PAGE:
Why Does Menopause Cause Hair Loss?
No matter how we may try to soften the blow of hair loss — by, say, calling it a “widening part” or a “skimpier ponytail” — it smarts. And not just because our hair is often tied to our identity.
Experiencing menopause hair loss, at a time when we already may be suffering from hot flashes, mood swings, brain fog, and dry, itchy skin, hardly seems fair. But perimenopause and menopause can, in fact, “potentially cause hair loss in some women,” says Sanjay Batra, PhD, a regenerative medicine, hair loss, and platelet-rich plasma expert and fellow of the American College of Cardiology.
What’s Estrogen Got to Do with It?
The female sex hormone estrogen is at the root (ahem) of the hair loss issue. Estrogen is a hair-friendly hormone — as in, it plays a big role in promoting hair growth and maintaining hair thickness. Beginning in perimenopause, however, both estrogen and progesterone (another one of our primary sex hormones) start to diminish. Interestingly, it’s not just the dip in estrogen that messes with hair growth; it’s also the resulting “unfriendly” balance of hormones we’re left with, Batra says.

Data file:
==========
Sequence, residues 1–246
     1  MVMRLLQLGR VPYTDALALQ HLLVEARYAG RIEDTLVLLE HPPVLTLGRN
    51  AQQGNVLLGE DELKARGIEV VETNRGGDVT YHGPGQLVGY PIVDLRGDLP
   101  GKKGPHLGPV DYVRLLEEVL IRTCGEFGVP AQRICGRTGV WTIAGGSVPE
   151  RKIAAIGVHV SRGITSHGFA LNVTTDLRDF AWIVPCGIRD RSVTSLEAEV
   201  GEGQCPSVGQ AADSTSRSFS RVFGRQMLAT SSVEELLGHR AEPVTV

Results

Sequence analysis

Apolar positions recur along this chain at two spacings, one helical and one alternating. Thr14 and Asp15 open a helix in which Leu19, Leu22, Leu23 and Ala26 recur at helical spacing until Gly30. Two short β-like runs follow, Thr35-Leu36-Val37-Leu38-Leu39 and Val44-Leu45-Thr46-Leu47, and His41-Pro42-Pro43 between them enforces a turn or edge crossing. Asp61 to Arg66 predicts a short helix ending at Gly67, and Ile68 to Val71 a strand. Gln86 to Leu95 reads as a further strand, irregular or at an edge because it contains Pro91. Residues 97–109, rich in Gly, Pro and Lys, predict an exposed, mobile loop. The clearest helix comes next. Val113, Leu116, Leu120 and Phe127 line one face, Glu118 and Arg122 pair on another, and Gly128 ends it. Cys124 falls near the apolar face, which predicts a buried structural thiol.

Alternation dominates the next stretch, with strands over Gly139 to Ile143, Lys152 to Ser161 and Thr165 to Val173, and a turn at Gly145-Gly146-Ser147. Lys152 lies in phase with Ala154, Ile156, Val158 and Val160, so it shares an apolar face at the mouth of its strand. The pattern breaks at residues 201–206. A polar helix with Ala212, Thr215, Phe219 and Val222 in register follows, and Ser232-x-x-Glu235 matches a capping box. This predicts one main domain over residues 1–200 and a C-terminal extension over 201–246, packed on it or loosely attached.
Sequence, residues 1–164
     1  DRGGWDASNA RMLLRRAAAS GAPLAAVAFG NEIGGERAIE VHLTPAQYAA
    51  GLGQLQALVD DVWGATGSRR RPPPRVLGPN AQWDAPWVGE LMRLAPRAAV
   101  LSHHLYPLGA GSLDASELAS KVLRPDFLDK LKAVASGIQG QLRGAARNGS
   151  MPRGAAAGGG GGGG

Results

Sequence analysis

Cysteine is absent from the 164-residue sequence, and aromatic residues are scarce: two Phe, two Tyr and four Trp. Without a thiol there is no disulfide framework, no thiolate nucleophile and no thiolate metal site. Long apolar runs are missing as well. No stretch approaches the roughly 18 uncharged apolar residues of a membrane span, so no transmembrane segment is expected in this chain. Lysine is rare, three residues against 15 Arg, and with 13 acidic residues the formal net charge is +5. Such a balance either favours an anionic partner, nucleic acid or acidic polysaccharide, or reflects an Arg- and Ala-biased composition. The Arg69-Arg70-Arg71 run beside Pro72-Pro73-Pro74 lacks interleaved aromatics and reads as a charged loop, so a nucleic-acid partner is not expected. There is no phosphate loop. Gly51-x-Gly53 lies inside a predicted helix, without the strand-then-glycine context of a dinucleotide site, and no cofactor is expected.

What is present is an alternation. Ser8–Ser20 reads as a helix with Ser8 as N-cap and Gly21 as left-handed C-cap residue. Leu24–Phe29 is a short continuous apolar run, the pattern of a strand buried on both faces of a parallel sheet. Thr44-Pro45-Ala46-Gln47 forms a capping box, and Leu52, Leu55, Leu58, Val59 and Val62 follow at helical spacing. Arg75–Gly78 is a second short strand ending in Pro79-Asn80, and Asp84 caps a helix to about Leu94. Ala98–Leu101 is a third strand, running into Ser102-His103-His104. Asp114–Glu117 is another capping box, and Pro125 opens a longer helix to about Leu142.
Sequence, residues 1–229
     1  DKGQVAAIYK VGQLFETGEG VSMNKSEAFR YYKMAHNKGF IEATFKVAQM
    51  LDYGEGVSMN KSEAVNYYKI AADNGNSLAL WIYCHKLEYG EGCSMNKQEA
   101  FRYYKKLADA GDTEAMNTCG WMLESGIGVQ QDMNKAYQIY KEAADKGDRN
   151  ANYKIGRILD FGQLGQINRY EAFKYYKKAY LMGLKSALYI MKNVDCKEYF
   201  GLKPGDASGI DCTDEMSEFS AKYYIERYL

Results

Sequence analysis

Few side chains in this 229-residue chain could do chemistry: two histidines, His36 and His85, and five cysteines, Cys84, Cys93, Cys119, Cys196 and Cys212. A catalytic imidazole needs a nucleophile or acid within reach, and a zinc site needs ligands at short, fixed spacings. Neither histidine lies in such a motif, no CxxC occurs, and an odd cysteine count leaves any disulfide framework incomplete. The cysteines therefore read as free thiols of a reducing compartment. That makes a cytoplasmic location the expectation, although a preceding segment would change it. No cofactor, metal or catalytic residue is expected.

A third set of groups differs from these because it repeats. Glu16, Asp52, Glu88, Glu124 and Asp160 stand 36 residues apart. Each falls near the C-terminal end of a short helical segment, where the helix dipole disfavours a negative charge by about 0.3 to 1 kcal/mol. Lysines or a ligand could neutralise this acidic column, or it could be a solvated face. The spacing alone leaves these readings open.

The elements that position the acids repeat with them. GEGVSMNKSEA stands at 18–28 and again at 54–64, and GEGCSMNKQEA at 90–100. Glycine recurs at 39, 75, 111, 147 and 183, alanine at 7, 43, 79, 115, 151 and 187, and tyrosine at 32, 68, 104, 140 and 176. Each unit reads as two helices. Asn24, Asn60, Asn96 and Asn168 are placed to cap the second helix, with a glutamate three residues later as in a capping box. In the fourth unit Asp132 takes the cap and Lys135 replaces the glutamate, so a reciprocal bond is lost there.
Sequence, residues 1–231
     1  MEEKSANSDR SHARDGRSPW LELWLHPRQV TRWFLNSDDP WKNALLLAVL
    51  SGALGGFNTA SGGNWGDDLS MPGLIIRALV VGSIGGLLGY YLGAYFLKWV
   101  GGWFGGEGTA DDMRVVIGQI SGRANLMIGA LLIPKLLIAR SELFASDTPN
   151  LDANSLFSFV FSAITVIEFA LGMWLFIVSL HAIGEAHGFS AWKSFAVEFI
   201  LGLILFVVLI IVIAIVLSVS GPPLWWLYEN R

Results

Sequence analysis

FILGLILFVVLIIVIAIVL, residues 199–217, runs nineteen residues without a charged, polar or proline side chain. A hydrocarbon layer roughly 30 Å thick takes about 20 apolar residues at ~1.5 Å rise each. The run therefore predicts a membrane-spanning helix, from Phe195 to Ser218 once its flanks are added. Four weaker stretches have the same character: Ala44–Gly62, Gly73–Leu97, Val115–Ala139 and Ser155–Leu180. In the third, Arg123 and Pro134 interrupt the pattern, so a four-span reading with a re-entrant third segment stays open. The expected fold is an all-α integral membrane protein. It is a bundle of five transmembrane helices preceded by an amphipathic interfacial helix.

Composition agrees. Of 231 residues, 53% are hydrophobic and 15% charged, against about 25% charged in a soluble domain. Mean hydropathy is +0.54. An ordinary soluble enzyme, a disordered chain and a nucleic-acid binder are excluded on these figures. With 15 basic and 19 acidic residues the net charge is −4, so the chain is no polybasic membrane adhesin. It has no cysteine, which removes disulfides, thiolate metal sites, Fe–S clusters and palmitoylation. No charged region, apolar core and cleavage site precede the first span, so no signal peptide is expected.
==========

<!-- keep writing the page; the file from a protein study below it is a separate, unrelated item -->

“Women also possess the male sex hormone testosterone, but those levels seem to stay the same before and after menopause,” he says. Suddenly, we may find our bodies responding more actively to the male sex hormones coursing through us, because there’s less of the female sex hormones to balance things out. This explains why menopausal women may start to sprout chin hairs and experience hair loss and menopause hair thinning.